One of Japan's first ports to open its doors to the West in 1868, the historic city of Kobe remains an important international trading centre, while being home to a number of institutions dedicated to culture and the arts. It is one of the largest cities in Japan and considered a leading force in the nation's fashion industry.
Facing the waterfront, Hyogo Prefectural Museum of Art is housed in the concrete building designed by the renowned Japanese architect Ando Tadao. Founded in 2002 as a symbol of 'Cultural Reconstruction'—in response to the Great Hanshin-Awaji Earthquake of 1995 that had gravely affected Kobe—the Museum holds contemporary art exhibitions of many varieties by Japanese and international artists. It also houses the Yamamura Collection, which focuses on Japanese avant-garde of the fifties and sixties— particularly the activities of the Gutai Group—as well as the 'New Wave' artists of the 1980s.
Between 2007 and 2015, five editions of the Kobe Biennale were also held on the waterfront. Its main features included the 'Art in a Container' International Competition, which invites international artists to fit the interior of 40 foot long containers works in various media.
Yokoo Tadanori Museum of Contemporary Art (Y+T MOCA) is within walking distance from the Hyogo Prefectural Museum of Art. It is built around the collection of Hyogo-born graphic designer and artist Yokoo Tadanori, and while dedicated to making his work available to the general public, Y+T MOCA also hosts exhibitions featuring other contemporary artists whose works share common ideas with Yokoo's practice.
Rokko Island, a man-made island built in the early 1970s, is the home of Kobe Fashion Museum—the first public museum of fashion in Japan. Amongst its impressive collection are more than 9,000 Western costumes and folk costumes from over 70 countries, ranging from the 18th century to the modern era; 1,500 fashion plates; and a library that offers fashion books and magazines in multiple languages. The Museum building also houses Kobe Artists Museum, which opened in 2007 with the mission to show the works of contemporary artists with affiliations with the city.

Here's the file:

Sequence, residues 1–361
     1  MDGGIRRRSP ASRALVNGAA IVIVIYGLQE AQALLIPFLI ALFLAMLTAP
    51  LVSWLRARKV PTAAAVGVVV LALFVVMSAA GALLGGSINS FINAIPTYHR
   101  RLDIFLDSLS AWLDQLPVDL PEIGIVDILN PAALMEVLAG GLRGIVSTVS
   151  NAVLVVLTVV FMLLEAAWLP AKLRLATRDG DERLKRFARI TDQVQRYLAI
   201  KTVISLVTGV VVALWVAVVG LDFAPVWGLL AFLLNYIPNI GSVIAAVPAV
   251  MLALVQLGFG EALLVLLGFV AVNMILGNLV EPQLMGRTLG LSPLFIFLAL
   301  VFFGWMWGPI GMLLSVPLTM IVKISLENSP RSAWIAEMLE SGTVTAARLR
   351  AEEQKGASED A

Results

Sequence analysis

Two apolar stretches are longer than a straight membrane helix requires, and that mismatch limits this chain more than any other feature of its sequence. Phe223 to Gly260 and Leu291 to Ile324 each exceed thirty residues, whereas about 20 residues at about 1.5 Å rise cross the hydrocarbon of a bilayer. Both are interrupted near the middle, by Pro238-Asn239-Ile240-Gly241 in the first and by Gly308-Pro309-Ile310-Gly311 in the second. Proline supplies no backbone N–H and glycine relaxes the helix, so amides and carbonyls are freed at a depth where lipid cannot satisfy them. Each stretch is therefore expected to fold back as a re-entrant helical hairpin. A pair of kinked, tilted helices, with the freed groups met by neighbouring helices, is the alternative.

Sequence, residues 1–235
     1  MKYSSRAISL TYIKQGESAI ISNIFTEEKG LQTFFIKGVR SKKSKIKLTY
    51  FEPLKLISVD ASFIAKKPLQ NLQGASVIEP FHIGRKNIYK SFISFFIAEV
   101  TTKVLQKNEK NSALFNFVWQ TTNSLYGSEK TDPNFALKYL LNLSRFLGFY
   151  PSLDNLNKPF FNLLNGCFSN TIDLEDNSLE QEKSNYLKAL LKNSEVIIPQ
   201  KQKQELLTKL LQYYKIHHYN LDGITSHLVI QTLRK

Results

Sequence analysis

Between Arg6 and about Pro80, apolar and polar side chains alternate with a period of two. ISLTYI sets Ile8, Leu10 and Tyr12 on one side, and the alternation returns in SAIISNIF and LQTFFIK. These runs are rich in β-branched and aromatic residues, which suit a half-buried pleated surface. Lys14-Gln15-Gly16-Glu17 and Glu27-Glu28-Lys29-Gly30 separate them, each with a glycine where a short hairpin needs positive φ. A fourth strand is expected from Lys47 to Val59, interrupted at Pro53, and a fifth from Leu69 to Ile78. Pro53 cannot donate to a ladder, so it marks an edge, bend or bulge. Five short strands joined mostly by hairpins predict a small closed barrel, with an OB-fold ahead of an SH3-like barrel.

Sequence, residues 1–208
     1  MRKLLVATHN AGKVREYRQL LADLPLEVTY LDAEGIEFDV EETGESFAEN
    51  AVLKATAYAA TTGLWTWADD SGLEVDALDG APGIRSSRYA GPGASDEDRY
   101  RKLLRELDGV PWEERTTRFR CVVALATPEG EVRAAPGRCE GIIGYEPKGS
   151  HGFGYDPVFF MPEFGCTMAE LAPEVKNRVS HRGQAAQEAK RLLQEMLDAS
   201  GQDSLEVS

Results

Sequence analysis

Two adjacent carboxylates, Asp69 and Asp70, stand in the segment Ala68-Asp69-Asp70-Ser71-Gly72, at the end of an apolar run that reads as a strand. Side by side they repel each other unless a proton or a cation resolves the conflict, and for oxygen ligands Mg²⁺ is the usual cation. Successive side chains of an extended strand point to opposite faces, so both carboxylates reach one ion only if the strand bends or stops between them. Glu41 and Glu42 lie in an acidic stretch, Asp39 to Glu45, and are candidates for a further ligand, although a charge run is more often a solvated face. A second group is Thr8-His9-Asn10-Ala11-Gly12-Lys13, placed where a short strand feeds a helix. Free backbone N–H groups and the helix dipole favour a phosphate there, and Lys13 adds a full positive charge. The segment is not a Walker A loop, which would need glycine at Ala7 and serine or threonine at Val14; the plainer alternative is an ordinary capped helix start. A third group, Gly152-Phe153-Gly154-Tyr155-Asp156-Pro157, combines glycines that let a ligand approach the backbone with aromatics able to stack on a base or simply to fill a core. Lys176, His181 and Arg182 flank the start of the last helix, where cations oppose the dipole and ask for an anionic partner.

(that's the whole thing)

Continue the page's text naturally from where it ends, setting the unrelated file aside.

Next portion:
For an encounter with more historical art, head over to Kobe City Koiso Memorial Museum of Art—also located on Rokko Island. It is dedicated to the work of Koiso Ryohei, a 20th century Kobe-born artist renowned for his western-style, naturalistic paintings.
Another institution, Kosetsu Museum of Art, established in 1972, reaches back even further in history: centering around the collection of Murayama Ryohei, founder of the Asahi Shimbun newspaper which has been ongoing since 1879. This Museum includes 18 Important Cultural Properties and 27 Important Cultural Assets, as designated by Japan's Agency of Cultural Affairs. Found among these treasures with their esteemed qualities are Buddhist scroll paintings, calligraphy, Momoyama period (1573–1615) tea ware, traditional weaponry, and early modern paintings.